An exhaust fan's static pressure, also known as its pressure drop, describes the resistance the fan must overcome. A larger static pressure forces the fan to consume more power to expel the same amount of air. Technicians typically measure static pressure in inches of water gauge. An inch of water gauge equals approximately 250 Pascals and describes the amount of pressure that displaces one inch of water in a manometer.

Multiply the fan's efficiency by the motor's efficiency. If the fan has an efficiency of 0.9, and the motor has an efficiency of 0.75, then 0.9 x 0.75 = 0.675.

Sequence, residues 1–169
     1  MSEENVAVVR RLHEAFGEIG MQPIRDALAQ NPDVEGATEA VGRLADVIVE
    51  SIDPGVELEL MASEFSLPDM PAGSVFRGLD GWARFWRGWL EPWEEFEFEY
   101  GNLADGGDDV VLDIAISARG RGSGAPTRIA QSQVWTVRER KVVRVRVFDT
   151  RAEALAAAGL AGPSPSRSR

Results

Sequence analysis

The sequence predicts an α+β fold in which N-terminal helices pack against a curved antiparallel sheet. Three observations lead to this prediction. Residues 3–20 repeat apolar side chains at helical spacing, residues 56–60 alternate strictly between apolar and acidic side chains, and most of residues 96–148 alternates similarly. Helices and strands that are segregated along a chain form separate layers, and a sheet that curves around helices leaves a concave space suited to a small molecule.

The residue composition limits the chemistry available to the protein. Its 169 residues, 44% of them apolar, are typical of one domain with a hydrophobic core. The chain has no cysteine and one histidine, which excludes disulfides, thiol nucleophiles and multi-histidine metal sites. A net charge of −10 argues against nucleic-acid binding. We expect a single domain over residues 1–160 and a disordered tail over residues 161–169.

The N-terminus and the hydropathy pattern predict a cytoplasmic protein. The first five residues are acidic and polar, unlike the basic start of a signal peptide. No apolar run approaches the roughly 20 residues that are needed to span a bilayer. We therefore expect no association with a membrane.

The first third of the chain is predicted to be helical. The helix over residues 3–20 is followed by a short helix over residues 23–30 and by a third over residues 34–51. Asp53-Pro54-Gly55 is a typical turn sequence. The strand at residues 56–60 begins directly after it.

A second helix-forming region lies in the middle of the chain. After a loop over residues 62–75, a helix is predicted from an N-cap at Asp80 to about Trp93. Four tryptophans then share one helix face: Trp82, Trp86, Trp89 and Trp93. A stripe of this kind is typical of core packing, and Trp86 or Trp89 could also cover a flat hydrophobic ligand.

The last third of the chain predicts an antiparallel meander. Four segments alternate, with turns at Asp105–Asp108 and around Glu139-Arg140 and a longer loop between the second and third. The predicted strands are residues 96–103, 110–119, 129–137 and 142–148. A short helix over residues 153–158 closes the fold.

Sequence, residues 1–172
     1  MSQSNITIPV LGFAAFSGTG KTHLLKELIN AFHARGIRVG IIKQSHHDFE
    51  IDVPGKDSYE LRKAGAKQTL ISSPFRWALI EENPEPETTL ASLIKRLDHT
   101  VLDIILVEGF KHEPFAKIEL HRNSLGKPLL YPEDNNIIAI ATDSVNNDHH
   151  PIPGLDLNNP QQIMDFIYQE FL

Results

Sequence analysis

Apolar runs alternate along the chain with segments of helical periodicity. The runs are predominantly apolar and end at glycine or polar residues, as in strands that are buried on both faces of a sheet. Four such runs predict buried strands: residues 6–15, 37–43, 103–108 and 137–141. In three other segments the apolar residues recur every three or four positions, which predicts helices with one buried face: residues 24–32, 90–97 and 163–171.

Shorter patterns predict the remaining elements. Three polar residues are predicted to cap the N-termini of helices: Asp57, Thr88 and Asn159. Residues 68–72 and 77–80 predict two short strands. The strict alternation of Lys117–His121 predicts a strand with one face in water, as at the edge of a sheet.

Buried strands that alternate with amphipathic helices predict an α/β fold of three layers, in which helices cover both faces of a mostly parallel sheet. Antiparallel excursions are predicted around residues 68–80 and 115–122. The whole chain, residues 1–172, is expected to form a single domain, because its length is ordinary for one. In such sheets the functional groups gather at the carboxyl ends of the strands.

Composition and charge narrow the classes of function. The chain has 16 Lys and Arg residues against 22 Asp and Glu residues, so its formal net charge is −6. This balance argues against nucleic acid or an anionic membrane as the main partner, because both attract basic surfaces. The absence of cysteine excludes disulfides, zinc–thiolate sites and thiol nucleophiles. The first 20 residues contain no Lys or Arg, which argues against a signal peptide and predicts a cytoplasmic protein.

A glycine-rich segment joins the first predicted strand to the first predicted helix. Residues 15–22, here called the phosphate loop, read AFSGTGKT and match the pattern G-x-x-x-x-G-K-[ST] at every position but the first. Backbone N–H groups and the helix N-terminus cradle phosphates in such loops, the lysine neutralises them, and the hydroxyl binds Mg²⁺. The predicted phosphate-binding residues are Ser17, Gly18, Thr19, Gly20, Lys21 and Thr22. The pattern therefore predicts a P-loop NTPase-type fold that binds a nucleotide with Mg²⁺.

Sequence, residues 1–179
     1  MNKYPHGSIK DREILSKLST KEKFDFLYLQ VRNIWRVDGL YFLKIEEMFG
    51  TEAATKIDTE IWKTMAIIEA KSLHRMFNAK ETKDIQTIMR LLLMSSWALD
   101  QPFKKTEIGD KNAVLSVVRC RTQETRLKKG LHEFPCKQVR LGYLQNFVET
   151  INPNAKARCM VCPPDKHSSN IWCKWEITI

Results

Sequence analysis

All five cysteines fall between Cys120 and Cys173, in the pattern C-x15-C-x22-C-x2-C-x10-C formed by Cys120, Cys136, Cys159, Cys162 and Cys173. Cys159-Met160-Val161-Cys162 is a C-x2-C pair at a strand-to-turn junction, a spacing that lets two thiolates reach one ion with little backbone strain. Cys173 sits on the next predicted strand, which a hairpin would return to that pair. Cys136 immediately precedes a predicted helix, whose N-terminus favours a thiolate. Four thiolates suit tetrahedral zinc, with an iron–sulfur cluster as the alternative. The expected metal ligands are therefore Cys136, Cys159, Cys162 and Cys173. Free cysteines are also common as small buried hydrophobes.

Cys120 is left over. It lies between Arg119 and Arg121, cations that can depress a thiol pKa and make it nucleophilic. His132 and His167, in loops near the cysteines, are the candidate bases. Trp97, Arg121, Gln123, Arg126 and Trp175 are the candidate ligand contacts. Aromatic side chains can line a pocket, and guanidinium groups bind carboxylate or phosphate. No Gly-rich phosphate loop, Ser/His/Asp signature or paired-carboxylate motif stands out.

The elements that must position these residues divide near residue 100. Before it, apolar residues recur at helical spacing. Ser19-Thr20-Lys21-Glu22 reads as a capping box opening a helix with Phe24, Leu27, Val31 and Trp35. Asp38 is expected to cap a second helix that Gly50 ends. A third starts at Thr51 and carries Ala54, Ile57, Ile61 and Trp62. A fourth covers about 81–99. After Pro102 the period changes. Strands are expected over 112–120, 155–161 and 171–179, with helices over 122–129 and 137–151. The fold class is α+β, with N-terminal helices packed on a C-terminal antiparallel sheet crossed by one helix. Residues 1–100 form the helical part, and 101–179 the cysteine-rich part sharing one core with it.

Multiply your answer by the drive efficiency. If it has an efficiency of 0.92, then 0.675 x 0.92 = 0.621.

Multiply your answer by 6,345, a constant that relates the different airflow factors. With this example, 0.621 x 6,345 = 3,940.

Multiply your answer by the fan's power input, measured in brake horsepower (bhp). If the power input is 0.5 bhp, then 3,940 x 0.5 = 1,970.

Divide your answer by the system airflow in cubic feet per minute. It the fan moves 200 cfm, then 1,970 / 200 = 9.85. This is the exhaust fan's static pressure.